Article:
If she becomes president, Elizabeth Warren plans to pay for her big projects (like universal child care and student loan debt forgiveness) with a 2-3 percent tax on American households with a net wealth greater than $50 million. The latest paper from her economic advisors estimates the potential future economic impact of such a tax and suggests “key steps” for implementation to mitigate potential downsides.
The Brookings paper, written by economists Emmanuel Saez and Gabriel Zucman — who are also Warren’s economic advisors — defines net household wealth as the sum of all financial and non-financial assets minus debts.
The paper directly addresses some of the top criticisms of Warren’s proposal: that wealth taxes failed in Europe (14 European countries had a wealth tax in 1996, but as of 2019, only six do) and that taxing the wealthy would reduce investments and slow economic growth in the long run.
According to Saez and Zucman, the European wealth taxes were fundamentally flawed because they were designed in the 20th century and relied on households’ self-assessment of wealth. They also were hindered by very low exemption thresholds “creating liquidity problems for some moderately wealthy taxpayers with few liquid assets and limited cash incomes.” Warren’s $50 million threshold would be substantially higher.
Furthermore, they argue, by “leveraging modern information technology, it is possible for tax authorities to collect data on the market value of most forms of household wealth and use this information to pre-populate wealth tax returns, reducing evasion possibilities to a minimum.” In other words, technology like social media would allow the government to assess and track the private property of private citizens and make it harder for them to hide their assets.
Saez and Zucman also believe that concerns about stifling investment and long-term economic growth are unfounded. By using the tax revenue to fund Warren’s projects, wealth inequality will stabilize, leading to more people with more money to invest.
But more importantly, they argue, their approach would make the American tax system more fair.
“The greatest injustice of the US tax system today is its regressivity at the very top: billionaires in the top 400 pay less (relative to their true economic incomes) than the middle class,” Saez and Zucman wrote. “This regressivity is the consequence of the erosion of the corporate and estate taxes, and the fact that the richest can escape the income tax by reporting only half of their true economic incomes on their individual income tax returns. A wealth tax with a high exemption threshold specifically targets the richest and could resolve this injustice.”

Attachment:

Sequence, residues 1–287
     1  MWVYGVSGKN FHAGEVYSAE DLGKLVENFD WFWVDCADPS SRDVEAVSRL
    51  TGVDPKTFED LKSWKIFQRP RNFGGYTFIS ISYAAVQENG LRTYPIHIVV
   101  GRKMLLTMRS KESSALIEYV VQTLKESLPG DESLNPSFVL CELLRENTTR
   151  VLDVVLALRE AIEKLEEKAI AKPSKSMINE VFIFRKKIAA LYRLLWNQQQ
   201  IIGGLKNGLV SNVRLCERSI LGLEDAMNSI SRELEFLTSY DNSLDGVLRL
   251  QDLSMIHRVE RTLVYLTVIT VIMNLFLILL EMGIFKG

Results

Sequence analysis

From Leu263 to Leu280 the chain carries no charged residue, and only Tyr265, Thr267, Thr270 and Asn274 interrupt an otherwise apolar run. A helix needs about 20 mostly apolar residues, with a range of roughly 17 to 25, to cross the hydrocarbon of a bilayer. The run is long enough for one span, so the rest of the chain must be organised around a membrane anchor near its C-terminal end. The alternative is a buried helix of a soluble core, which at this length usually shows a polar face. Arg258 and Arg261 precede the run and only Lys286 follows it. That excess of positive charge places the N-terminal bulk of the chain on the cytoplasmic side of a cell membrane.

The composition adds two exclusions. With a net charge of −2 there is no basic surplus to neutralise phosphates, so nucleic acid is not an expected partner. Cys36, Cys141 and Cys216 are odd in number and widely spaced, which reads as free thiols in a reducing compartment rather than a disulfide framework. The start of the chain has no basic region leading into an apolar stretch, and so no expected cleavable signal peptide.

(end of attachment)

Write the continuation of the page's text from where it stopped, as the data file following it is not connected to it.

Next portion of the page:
There’s still the question of enforcement, which Saez and Zucman say is a “matter of policy,” but other economists doubt Saez and Zucman’s calculations, arguing the tax wouldn’t bring in nearly as much revenue as Saez and Zucman claim.
Alan P. Viard, a resident scholar at the American Enterprise Institute (AEI), wrote a paper estimating that Warren’s tax would actually be much higher than originally thought.
“The best way to interpret wealth tax rates is to translate them into equivalent income tax rates,” he said. “For a taxpayer who holds a long-term bond with a fixed interest rate of 3 percent each year, a 2 percent per year wealth tax is equivalent to a 67 percent income tax and a 3 percent per year wealth tax is equivalent to a 100 percent income tax.”
This kind of tax burden, Michael R. Strain, AEI’s director of economic policy studies argues, “is the tax-equivalent of looting mansions” and “an abuse of government power.”
A preliminary paper, released in July by economists from the Treasury Department, Princeton, and the University of Chicago Booth but still in progress, estimates that Warren’s wealth tax may only raise half the revenue Saez and Zucman project.
Despite these criticisms, a University of Chicago Booth’s Initiative on Global Markets survey of 41 economists with a wide range of views, found that 25 “agreed” or “strongly agreed” the wealth tax would serve its intended purpose and alleviate wealth inequality in the U.S.
“It is important to note that progressive wealth taxes are fragile and susceptible to being undermined,” Saez and Zucman said. “The left could undermine its political support by lowering the exemption threshold too much and creating hardship for the illiquid merely rich. The right could then undermine its effectiveness by providing exemptions (and hence loopholes) for certain asset classes, or by imposing tax limitations based on income.”
To Strain, these caveats and criticisms amount to a “bad use of the tax code,” even if such a tax serves the noble purpose of improving Americans’ standard of living and chances of economic success.
“Paying taxes is not a punishment, and the tax code should not be used to penalize any group of citizens,” he said.